Congresswoman Dina Titus returns with updates about the effects of the blue wave in congress and the resulting green wave in cannabis. Now, the issue is keeping up with and properly managing bills to try to iron out differences between the house and senate as well as federal and state law. Getting Republicans on board is an important step, meaning the cannabis argument needs to span a wide spectrum. Thus, the issues of money, business, criminal justice, states rights, infrastructure, veterans, and taxes are all getting their time in the limelight.
Seth Adler: US Congresswoman Dina Titus returns. Welcome to Cannabis Economy. I'm your host, Seth Adler. Download episodes on canneconomy.com. That's two Ns and the word economy. First, a word from Evolab and then, US Congresswoman Dina Titus.
Speaker 2: Yeah. Well, I can tell you that we've set up infrastructure in Nevada, and we are looking to set up infrastructure in Canada, which will allow us to serve pretty much the globe, both from unregulated products and regulated products, to be able to distribute those ingredients in Secret Sauce.
Seth Adler: Yeah. Once you get to Canada, you can get to the rest of the world.
Speaker 2: Well, I can get to 15 other countries from Canada at the moment.
Seth Adler: Excuse me. Excuse me.
Speaker 2: But I mean, yeah, it's almost the globe.
Seth Adler: Congresswoman Dina Titus, thank you so much for having me back. It's good to see you.
Dina Titus: You, too. It's been a little while.
Seth Adler: Well, it's only been six months, but what they say is cannabis years are dog years.
Dina Titus: Now you took that quote away from me, because I remember you said it before, and I was going to refer to that.
Seth Adler: We can always edit this out and then you can come in. But it's, really it's been an eventful six months. Because podcast land knows no time, but we're making our way into a new Congress, which is a different Congress.
Dina Titus: Well, that's right. We had a blue wave for Democrats in the election, but it was really a green wave for marijuana. You lost a couple of people like Rohrabacher, but I think you gained a lot more. And if you add to that the initiatives that passed that expanded medical marijuana and recreational use, it was kind of a banner election year.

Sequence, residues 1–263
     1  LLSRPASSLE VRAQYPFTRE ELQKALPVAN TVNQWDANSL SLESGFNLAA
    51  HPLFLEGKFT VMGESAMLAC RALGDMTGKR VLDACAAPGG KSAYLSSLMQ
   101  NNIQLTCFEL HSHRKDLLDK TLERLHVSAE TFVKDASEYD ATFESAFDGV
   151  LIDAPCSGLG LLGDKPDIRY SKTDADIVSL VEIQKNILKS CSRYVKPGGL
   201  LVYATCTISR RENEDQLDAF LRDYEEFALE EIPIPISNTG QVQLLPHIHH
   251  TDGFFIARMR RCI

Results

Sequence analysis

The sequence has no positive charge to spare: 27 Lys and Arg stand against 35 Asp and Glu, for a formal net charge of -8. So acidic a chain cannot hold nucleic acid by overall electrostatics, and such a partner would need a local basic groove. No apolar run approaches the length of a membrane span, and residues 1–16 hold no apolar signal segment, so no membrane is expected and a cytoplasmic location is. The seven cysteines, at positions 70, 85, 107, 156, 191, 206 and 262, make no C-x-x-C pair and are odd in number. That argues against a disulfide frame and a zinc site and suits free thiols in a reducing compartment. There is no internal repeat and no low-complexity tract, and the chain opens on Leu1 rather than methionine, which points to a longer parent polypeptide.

Seth Adler: Absolutely. I mean, you know, 2016 was pretty good. This one was pretty good, as well.
Dina Titus: Yes.
Seth Adler: Now it's up to us here on Capitol Hill to maybe make some change. The Farm Bill is on the table. I like to call that the Hemp Bill.
Dina Titus: Well, that's right. We have now legalized the growth of hemp. I'm trying to encourage farmers in Nevada to grow that instead of alfalfa.
Seth Adler: Okay. Fair enough. We don't like alfalfa sprouts any more?
Dina Titus: Well we like alfalfa, but it uses a lot of water, and most of it is exported.
Seth Adler: And Thomas Jefferson can tell you, you don't really need to do a lot to hemp to get it to grow.
Dina Titus: So, that would be perfect for the Nevada landscape.
Seth Adler: That's it, to foster better results. Who knows? Now in that Hemp Bill, that does take hemp .3% and below THC, takes that off the Controlled Substances Act. So fantastic, round of applause, check the box, we did it.
Dina Titus: Yes.
Seth Adler: Having said that, the medicine for, you know, little kids with epilepsy comes from different plants. So there is that CBD Bill, that very small bill that also does need to pass for that medicine to be federally legal. When I start there, where can we end as far as what can happen in this next Congress?
Dina Titus: Well, before we get to the next Congress, we got to finish up this Congress.
Seth Adler: Well sure. Yes.
Dina Titus: And like you said, the Hemp Bill and the Farm Bill will be voted on later this afternoon by the House. But we've also got to be sure that they don't put some things in the appropriations bills that are left, or take some things out.
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